This week, the Montana Department of Environmental Quality revoked the air quality permit for a 250-megawatt coal-fired power plant planned east of Great Falls, Montana. The plant developer, Southern Montana Electric Generation and Transmission Cooperative, will instead move forward with a 120-megawatt natural gas-fired plant.
The move was the latest in a series of victories across the country for citizen groups opposed to the construction of new dirty coal power plants because of the massive climate changing pollution they emit.
The Montana plant was challenged by Montana Environmental Information Center, Citizens for Clean Energy, Sierra Club, and the National Parks Conservation Association, represented by Earthjustice.
Earlier this year, SME announced that it would shift its focus toward constructing a natural gas-fired power plant rather than the coal-fired facility in light of ongoing legal challenges and regulatory uncertainty. However, SME retained its air quality permit and continued construction of the coal plant. Now that DEQ has revoked the permit, no further construction may occur on the facility.
Jenny Harbine, an Earthjustice attorney who represented the coalition said, "This coal plant has been an inch from dead for months now and it appears as though the final nail in the coffin has been driven."
If constructed, the plant would have emitted approximately 2.1-million tons of CO2 each year. CO2 is a major global warming pollutant.
Anne Hedges of the Montana Environmental Information Center said the decision was an enormous step forward noting, "We can no longer continue to ignore global warming. With the revocation of this permit, it appears that SME and Montana have finally recognized that coal-burning has no future in this state."
"Abandoning this plant is a valuable first step towards a modern, clean energy future for Montana," said Sanjay Narayan, an attorney with Sierra Club.
The coal plant was to be built on top of the Great Falls Portage National Historic Landmark and Lewis and Clark National Historic Trail. Danielle Blank, senior coordinator with the National Parks Conservation Association, was also relieved. "It was simply inappropriate to consider placing a coal fired power plant within the boundaries of two National Park units," she said. "We're pleased at this important step toward preserving the integrity of The Lewis and Clark National Historic Trail and Great Falls Portage National Historic Landmark."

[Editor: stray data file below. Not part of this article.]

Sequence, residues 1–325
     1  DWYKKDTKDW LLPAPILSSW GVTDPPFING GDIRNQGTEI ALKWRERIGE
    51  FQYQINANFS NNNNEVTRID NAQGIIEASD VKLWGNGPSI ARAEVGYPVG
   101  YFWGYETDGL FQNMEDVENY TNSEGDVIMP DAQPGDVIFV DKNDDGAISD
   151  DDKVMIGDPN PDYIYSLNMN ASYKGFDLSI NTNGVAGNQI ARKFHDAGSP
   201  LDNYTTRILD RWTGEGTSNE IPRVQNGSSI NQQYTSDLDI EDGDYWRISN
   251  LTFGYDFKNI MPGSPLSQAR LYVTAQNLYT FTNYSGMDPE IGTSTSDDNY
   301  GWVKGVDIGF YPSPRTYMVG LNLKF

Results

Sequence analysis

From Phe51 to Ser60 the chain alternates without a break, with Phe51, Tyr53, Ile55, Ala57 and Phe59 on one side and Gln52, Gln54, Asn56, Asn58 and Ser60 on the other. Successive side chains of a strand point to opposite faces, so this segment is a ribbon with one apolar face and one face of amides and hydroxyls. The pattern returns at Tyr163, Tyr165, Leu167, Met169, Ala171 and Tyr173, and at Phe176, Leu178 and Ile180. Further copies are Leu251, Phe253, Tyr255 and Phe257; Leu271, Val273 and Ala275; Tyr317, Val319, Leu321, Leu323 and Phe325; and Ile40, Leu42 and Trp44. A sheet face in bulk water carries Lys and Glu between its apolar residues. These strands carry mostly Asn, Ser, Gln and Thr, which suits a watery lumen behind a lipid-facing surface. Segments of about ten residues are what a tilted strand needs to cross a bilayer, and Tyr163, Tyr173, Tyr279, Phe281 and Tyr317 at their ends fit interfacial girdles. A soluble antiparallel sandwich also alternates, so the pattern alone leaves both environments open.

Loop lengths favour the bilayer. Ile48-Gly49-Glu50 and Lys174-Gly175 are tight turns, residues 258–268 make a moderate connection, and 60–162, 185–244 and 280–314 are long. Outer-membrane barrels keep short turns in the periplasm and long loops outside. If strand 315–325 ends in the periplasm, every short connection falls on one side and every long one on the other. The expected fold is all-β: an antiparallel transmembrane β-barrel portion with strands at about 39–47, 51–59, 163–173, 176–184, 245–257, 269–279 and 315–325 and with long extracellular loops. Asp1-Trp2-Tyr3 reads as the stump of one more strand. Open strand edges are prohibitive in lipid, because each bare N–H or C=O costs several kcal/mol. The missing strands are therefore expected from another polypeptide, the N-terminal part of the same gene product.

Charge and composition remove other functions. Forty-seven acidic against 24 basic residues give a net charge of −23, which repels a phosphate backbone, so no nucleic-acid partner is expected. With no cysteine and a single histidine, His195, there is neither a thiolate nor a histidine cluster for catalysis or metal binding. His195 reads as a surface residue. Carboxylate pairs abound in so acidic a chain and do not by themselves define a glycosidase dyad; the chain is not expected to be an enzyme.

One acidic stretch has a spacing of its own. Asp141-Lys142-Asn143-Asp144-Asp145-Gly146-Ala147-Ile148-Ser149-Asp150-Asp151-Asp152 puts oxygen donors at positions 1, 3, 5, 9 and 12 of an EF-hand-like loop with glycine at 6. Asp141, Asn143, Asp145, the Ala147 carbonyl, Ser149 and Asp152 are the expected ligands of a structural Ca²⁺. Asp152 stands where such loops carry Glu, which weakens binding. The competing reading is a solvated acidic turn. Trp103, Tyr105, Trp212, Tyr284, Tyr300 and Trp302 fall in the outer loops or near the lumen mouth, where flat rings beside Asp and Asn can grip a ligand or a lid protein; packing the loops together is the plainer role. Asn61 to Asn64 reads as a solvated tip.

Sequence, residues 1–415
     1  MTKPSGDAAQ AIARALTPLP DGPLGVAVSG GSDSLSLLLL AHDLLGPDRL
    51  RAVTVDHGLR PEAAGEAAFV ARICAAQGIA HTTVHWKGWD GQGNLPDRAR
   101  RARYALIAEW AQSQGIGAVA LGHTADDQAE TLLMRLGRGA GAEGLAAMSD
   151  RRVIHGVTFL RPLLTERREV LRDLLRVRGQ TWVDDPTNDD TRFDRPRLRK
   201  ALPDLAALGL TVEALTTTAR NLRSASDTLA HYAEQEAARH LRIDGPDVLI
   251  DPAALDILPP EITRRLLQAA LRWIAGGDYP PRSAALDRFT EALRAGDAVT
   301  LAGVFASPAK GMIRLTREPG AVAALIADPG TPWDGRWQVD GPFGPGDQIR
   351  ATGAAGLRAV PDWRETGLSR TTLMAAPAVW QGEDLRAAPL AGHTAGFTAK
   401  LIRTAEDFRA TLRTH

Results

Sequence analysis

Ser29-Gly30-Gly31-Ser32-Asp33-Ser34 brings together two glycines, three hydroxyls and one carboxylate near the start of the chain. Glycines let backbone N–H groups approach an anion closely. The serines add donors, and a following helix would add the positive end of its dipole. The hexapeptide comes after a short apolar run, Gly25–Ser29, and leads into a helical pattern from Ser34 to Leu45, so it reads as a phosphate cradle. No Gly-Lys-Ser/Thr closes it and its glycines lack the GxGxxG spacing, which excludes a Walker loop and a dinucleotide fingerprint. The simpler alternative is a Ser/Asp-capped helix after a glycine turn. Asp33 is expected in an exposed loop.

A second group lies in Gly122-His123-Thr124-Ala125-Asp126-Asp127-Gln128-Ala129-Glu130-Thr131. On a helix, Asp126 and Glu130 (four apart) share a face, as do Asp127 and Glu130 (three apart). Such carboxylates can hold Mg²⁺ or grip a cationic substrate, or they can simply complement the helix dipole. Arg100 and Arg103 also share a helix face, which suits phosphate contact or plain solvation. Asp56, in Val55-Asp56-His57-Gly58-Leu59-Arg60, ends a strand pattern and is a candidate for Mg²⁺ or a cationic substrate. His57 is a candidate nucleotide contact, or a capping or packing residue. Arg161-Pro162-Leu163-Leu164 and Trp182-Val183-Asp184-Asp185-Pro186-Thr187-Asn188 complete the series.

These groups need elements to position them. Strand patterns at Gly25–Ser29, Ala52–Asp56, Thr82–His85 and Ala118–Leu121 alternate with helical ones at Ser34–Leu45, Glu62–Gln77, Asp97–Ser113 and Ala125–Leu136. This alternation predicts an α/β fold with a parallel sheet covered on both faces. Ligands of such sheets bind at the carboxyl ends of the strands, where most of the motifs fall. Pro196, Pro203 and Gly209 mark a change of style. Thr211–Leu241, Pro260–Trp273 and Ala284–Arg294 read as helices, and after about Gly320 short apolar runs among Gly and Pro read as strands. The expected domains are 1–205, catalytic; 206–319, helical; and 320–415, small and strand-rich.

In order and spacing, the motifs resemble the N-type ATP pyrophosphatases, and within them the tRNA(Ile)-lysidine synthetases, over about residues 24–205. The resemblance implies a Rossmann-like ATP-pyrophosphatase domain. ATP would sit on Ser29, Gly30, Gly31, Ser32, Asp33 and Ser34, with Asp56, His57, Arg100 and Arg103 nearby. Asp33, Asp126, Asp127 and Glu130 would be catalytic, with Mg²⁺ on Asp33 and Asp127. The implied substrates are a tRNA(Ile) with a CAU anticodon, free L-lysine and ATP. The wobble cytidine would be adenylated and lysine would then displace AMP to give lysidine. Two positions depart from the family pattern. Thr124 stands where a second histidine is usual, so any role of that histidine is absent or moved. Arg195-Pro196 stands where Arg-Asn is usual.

Environmental advocates are optimistic that other proposed coal-fired power plants currently challenged by Earthjustice, like Sunflower in Kansas, Desert Rock in New Mexico, and the Dry Fork plant in Wyoming, may soon follow suit.
Harbine stated, "All along, we hoped that our challenge would force a switch to cleaner, and hopefully renewable, sources of energy, so we're heartened to see the announcement today. We hope that others will also see the writing on the wall and make the switch to clean energy."
In the wake of a federal Earthjustice lawsuit in 2007, the federal Rural Utilities Service announced that it would not fund the Highwood coal plant -- or any other coal plants through 2009. According to SME's chief executive, Tim Gregori, regulatory uncertainty and environmental litigation prevented the plant from obtaining alternative financing.
SME's decision to back away from coal comes after years of concerted opposition by citizens concerned about global warming and harmful air pollution. Earthjustice represented citizen groups in several actions challenging the plant's failure to address CO2 emissions that are driving global warming and to install state-of-the-art controls for hazardous air pollutants and fine particulate matter or soot (PM2.5) that causes asthma, heart attacks, and even premature death.